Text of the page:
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The pistons are not stock and look to be aftermarket cast pistons perhaps. Trying to match them up, the best I could find with that valve notch configuration was 17 cc's. The 670 heads are rated at 72 cc's, but they are often a few cc's larger, so might be 75 cc's or 72 cc's or something else if they have been cut. The heads, pistons with 17 cc's, stock block (.060" over)/rods/crank, and a .040" head gasket should put you in the under 9.5 compression which should be OK for pump gas. BUT, hopefully your machinist can help you out on the exact numbers to give you an accurate compression.
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post #9 of 13 (permalink) Old 04-20-2018, 07:46 PM
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Yeah, those are the famous/infamous "double eyebrow" pistons that have the valve reliefs on both top and bottom, and at two different angles so that they can be used in both pre-67 and 67-up engines. They are "one size fits all" and not "performance/quality" parts by any stretch of the imagination. They probably have somewhere in the neighborhood of 16-17 cc's volume. *IF* your heads actually have 72-cc chambers (they can vary from the factory and also may have been cut, as has already been pointed out), and *IF* you're running stock thickness head gaskets, and *IF* your deck clearance volume is where Pontiacs tend to be at around .010-0.015 "down", then your compression ratio at +0.060 overbore (which actually raises compression), will be in the vicinity of 9.4:1. That's an awful lot of "if's" to leave to chance for something this important, in my opinion...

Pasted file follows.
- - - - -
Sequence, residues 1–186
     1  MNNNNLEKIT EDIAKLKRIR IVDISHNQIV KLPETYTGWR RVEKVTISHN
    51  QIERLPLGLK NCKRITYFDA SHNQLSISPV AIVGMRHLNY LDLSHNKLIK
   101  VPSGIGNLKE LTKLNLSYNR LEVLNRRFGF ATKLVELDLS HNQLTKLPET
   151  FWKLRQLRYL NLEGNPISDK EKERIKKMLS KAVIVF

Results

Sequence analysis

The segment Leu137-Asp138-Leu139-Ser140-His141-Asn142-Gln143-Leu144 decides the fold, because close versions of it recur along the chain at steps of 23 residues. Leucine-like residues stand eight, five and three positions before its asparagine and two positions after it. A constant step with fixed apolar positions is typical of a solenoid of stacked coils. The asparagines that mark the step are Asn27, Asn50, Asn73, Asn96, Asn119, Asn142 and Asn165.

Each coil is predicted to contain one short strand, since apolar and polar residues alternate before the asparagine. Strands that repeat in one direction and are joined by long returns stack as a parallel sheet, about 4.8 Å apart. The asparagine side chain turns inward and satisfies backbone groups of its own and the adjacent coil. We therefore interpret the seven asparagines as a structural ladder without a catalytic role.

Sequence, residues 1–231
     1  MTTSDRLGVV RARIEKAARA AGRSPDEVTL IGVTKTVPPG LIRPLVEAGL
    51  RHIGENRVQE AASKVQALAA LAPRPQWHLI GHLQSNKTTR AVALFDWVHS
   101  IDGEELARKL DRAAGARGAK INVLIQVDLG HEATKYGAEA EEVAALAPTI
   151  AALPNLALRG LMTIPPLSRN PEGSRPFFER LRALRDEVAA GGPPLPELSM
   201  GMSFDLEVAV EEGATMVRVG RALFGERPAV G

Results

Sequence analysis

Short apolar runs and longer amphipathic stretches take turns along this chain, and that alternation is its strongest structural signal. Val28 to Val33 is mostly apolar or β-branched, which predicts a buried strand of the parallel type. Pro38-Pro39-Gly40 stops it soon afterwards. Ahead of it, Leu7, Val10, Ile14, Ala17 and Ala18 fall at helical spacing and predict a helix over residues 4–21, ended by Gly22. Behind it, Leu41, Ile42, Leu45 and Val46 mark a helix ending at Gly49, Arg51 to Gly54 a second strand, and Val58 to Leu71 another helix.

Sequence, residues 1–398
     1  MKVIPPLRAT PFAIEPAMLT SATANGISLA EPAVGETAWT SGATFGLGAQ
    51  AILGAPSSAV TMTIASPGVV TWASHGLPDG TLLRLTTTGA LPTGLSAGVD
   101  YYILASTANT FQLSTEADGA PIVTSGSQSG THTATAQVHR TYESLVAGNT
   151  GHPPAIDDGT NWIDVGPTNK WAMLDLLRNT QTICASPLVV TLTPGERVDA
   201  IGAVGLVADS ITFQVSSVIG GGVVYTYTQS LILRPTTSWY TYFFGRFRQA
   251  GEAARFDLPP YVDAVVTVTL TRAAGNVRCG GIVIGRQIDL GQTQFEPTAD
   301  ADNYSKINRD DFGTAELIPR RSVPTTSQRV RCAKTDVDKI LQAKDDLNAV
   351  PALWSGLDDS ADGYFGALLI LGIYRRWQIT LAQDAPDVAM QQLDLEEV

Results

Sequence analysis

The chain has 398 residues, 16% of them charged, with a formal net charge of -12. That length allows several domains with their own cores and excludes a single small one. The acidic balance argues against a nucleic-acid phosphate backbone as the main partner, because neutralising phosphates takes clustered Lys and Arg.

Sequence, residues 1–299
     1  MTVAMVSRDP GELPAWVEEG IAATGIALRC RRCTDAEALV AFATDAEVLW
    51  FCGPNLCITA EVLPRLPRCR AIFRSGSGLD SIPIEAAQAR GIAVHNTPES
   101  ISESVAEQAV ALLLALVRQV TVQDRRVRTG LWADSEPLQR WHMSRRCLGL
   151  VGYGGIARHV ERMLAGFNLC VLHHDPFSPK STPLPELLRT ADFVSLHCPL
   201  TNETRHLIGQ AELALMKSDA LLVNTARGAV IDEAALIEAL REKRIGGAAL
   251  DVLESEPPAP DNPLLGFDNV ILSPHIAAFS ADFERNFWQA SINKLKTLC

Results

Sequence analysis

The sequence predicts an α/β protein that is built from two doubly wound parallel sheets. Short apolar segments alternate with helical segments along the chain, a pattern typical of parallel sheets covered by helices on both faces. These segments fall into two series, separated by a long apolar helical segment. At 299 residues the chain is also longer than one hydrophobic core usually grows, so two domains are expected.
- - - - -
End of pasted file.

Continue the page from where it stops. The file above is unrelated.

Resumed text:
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post #10 of 13 (permalink) Old 04-22-2018, 01:57 PM Thread Starter
 
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WOW This site is great and has some pretty knowledgeable people I appreciate all the help. I am going down to have the exhaust done tomorrow 10:00 and then I am going to talk to the builder of the engine and ask those questions thanks again.